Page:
Tess returns to the house and finds that she needs to go into the basement to get some toilet paper. The door locks behind her and she’s trapped. She’s left her phone upstairs and in her rush to get into the house (a red herring of a man chasing her has occurred earlier) she forgot to leave the keys for Keith. She finds a hidden door which leads to labyrinthine tunnels under the house, including a room with a video camera set up trained on a stained bed. Eventually Keith gets back and opens the basement window. She’s freed and freaked out telling Keith they have to leave. Keith wants to keep spending time with Tess, so he decides to check out the basement. Whatever you think is down there it’s worse. Something happens and the screen cuts to black and we’re introduced to a new character.

The new character is AJ (Justin Long) a mildly successful Hollywood television actor. Driving his convertible along the California coast he takes a call from his agent where he learns that he has been accused of sexually assaulting his co-star for an upcoming pilot. AJ is suddenly (and deservedly) persona non grata in the industry and to avoid complete bankruptcy he needs to liquidate some properties he owns, including his Detroit houses one of which is 476 Barbary.

AJ is outraged to find that people have left behind stuff in his property and makes a series of outraged phone calls about it. What he’s most interested in however, is how much money he can make in selling the place. Even when he finds the basement and the signs of horrific things that are there his first instinct is to go upstairs and work out how much more money he can get with the extra square footage. Tape measure in hand he explores the tunnels and ignores all the warning signs that it’s a bad place. Eventually he too comes across the terror.

Barbarian is doing a lot of things; it works as a black comedy, an indictment on capitalism, a commentary about racism, and is an effective look at how women are preyed upon. Genre staple Richard Brake turns up in a non-linear flashback that gives some history about the house, but that history also plays into the film’s more serious themes.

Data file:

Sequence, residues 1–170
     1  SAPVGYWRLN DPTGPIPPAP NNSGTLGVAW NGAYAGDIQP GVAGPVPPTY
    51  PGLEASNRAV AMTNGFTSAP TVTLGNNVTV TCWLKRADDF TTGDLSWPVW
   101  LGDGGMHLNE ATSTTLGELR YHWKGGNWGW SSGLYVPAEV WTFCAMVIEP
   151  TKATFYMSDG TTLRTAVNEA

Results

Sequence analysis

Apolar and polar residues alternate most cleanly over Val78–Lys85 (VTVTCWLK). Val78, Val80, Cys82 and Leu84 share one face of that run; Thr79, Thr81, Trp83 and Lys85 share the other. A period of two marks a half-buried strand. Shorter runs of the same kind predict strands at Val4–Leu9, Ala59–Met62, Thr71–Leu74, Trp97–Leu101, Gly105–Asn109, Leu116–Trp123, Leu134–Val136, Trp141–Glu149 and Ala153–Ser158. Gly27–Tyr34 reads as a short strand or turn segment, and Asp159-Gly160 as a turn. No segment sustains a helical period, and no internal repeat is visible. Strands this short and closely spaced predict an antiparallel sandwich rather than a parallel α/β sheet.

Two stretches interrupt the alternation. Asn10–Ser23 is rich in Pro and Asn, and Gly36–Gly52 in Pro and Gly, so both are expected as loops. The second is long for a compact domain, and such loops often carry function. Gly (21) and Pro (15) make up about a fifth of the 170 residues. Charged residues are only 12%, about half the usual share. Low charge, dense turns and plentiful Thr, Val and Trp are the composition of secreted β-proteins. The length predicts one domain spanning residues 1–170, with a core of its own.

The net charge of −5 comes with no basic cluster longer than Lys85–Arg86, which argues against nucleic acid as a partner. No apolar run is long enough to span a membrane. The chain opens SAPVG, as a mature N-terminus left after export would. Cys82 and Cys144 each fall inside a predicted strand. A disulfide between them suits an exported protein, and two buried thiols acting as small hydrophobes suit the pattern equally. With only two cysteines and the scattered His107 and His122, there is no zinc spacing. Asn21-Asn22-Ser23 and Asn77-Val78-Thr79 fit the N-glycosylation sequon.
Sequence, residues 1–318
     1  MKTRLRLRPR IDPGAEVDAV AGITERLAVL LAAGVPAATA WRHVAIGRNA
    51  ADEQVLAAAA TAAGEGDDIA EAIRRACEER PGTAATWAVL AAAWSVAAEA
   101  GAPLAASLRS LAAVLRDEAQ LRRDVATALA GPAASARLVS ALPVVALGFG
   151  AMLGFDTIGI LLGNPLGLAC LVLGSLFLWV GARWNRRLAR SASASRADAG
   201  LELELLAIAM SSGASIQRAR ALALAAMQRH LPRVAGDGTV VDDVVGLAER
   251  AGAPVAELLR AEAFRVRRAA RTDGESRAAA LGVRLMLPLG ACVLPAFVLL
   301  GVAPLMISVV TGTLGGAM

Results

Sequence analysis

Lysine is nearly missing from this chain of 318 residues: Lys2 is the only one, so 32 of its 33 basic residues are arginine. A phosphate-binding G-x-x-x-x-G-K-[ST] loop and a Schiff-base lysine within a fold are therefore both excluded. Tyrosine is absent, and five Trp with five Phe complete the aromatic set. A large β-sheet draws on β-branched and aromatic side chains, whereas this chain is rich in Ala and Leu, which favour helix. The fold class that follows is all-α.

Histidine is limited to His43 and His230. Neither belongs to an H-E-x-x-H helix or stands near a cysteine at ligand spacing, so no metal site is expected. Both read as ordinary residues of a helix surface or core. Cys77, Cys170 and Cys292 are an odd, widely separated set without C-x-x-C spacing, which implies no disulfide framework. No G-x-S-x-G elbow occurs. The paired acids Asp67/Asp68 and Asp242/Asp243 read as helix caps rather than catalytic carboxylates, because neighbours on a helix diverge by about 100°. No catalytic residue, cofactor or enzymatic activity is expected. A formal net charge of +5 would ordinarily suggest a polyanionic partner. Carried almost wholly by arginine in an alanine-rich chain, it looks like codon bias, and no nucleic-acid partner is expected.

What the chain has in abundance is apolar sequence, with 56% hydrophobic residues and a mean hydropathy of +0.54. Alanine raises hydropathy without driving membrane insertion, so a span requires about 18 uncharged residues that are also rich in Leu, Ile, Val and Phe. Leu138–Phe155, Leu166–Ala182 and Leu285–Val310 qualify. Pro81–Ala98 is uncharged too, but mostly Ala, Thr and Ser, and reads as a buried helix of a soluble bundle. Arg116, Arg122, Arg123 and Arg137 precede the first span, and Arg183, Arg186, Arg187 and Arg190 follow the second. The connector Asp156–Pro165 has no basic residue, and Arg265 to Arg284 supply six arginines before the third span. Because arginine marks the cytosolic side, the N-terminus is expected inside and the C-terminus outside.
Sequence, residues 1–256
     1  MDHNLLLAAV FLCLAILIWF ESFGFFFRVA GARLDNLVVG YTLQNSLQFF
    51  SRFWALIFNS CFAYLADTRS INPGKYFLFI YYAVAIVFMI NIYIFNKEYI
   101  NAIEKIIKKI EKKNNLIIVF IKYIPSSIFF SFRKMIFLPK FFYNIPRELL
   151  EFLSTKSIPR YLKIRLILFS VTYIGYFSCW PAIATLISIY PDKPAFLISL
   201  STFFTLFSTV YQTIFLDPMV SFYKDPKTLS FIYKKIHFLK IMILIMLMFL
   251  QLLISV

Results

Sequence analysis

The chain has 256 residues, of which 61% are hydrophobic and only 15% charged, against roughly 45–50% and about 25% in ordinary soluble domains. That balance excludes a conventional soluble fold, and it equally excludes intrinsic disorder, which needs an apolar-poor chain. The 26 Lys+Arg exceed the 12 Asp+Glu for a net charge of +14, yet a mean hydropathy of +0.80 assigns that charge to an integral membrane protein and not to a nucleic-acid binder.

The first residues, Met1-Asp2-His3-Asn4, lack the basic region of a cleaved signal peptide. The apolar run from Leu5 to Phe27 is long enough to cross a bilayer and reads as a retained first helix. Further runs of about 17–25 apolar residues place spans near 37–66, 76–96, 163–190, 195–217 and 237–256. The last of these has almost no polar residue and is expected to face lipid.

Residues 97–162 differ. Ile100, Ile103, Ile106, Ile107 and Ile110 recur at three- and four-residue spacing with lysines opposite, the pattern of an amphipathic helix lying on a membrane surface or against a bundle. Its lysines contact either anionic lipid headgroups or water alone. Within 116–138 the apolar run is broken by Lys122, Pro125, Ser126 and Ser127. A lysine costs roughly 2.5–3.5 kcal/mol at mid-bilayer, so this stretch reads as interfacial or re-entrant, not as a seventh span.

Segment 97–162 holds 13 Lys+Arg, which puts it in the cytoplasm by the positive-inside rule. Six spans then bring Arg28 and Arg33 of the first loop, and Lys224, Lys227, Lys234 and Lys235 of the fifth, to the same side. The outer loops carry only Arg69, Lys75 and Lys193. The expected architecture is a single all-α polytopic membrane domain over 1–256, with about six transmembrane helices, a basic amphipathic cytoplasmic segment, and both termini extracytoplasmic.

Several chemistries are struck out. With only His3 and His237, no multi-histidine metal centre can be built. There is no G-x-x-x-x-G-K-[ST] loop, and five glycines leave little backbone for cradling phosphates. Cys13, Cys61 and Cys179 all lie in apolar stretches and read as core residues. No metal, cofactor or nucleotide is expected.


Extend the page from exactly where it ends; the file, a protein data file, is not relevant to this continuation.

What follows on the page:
Barbarian is shocking and effective horror that is amplified by the cinematography by Zach Kuperstein and the immaculate production design that shows two very different cities (Detroit on the rise, and Detroit in the suburbs) which is echoed in the immaculately outfitted Barbary Street house which hides the darkness underneath. Campbell is wonderful as the clever and resilient Tess. Skarsgård is extremely clever casting as we have come not to trust the actor from his previous genre work, and Long plays the reprehensible AJ to perfection.

Cregger clearly knows what he’s doing with a horror film. He’s absolutely aware of the tropes and pulls the audience in, tricks them, pulls them in again, and comes up with bizarre and visceral horror. There may be comparisons to Don’t Breathe but Barbarian is its own beast that not only delivers genuine scares but has a savvy social commentary that is in effect a horror story of its own.

Director: Zach Cregger

Cast: Georgina Campbell, Bill Skarsgård, Justin Long

Writer: Zach Cregger

Nadine Whitney

Nadine Whitney holds qualifications in cinema, literature, cultural studies, education and design. When not writing about film, art or books, she can be found napping and missing her cat.